Mona Hatoum is a Palestinian video artist and installation artist born in Lebanon. Her work transforms familiar every-day objects such as chairs and kitchen utensils into dangerous and threatening and alarming sculptures and exhibits, mirroring the harshness of life and exile. She uses an unconventional range of media and became known in the early 1980s for performance and video pieces which used her own body to explore the fragility and strength of the human condition under threat.
‘Although I was born in Lebanon, my family is Palestinian. And like the majority of Palestinians who became exiles in Lebanon after 1948, they were never able to obtain Lebanese identity cards. It was one way of discouraging them from integrating into the Lebanese situation. Instead, and for reasons that I won’t go into, my family became naturalized British, so I’ve had a British passport since I was born. I grew up in Beirut in a family that had suffered a tremendous loss and existed with a sense of dislocation.
When I went to London in 1975 for what was meant to be a brief visit, I got stranded there because the war broke out in Lebanon, and that created another kind of dislocation. How that manifests itself in my work is as a sense of disjunction. For instance, in a work like Light Sentence, the movement of the light bulb causes the shadows of the wire mesh lockers to be in perpetual motion, which creates a very unsettling feeling. When you enter the space you have the impression that the whole room is swaying and you have the disturbing feeling that the ground is shifting under your feet. This is an environment in constant flux—no single point of view, no solid frame of reference. There is a sense of instability and restlessness in the work. This is the way in which the work is informed by my background.
On the other hand, I have now spent half of my life living in the West, so when I speak of works like Light Sentence, Quarters and Current Disturbance as making a reference to some kind of institutional violence, I am speaking of encountering architectural and institutional structures in Western urban environments that are about the regimentation of individuals, fixing them in space and putting them under surveillance. What I am trying to say here is that the concerns in my work are as much about the facts of my origins as they are a reflection on or an insight into the Western institutional and power structures I have found myself existing in for the last 20-odd years.’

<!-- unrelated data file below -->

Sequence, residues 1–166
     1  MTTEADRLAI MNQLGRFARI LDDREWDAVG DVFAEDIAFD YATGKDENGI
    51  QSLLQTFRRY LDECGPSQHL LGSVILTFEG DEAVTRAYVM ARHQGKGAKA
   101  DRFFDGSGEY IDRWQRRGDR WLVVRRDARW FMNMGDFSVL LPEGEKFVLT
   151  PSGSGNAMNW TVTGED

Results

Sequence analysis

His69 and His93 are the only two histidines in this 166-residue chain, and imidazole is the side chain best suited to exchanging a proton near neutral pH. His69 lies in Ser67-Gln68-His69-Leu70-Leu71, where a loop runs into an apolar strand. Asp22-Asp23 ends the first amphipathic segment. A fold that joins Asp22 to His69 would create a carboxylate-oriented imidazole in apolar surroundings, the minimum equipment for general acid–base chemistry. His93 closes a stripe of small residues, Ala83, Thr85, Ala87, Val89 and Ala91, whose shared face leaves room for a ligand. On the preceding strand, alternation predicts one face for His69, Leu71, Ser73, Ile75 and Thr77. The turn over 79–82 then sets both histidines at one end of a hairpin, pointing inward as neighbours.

– Excerpt from an interview with Mona in BOMB Magazine
The Palestinian-American scholar Edward Said said of Mona, ‘No one has put the Palestinian experience in visual terms so austerely and yet so playfully.’
From 1947-1949 conflict between recently arrived Zionist soldiers and Palestinians resulted in a mass exodus of 700,000 Palestinian Arabs to neighbouring states. In total around 80% of the Palestinian Arabs of what later became Israel left their homes. Their property and lands were taken by those who remained in the land and newcomers looking for refuge in the aftermath of the Holocaust. This is known as the ‘Nakba’ or catastrophe by Palestinians.
Many Palestinians fled to Lebanon, where they still live in refugee camps and lack basic human rights. In 1975 civil war broke out in Lebanon, lasting until 1990 and killing over 120,000. As a result of this there was a mass exodus of over 1 million people from Lebanon, including Palestinians who became doubly displaced.
Throughout the 1970s the government increasingly restricted immigration. Commonwealth Citizens born overseas had to prove that a parent or grandparent had been born in the UK or they had to meet the requirements of another visa category in order to settle in the UK. The 1970s was also significant as it was a period when spontaneous asylum began to eclipse resettlement programmes as the most common form of entry into the UK for people fleeing persecution. These settlement programmes were run by the British Council for Aid to Refugees for groups of refugees from Uganda, Chile and Vietnam.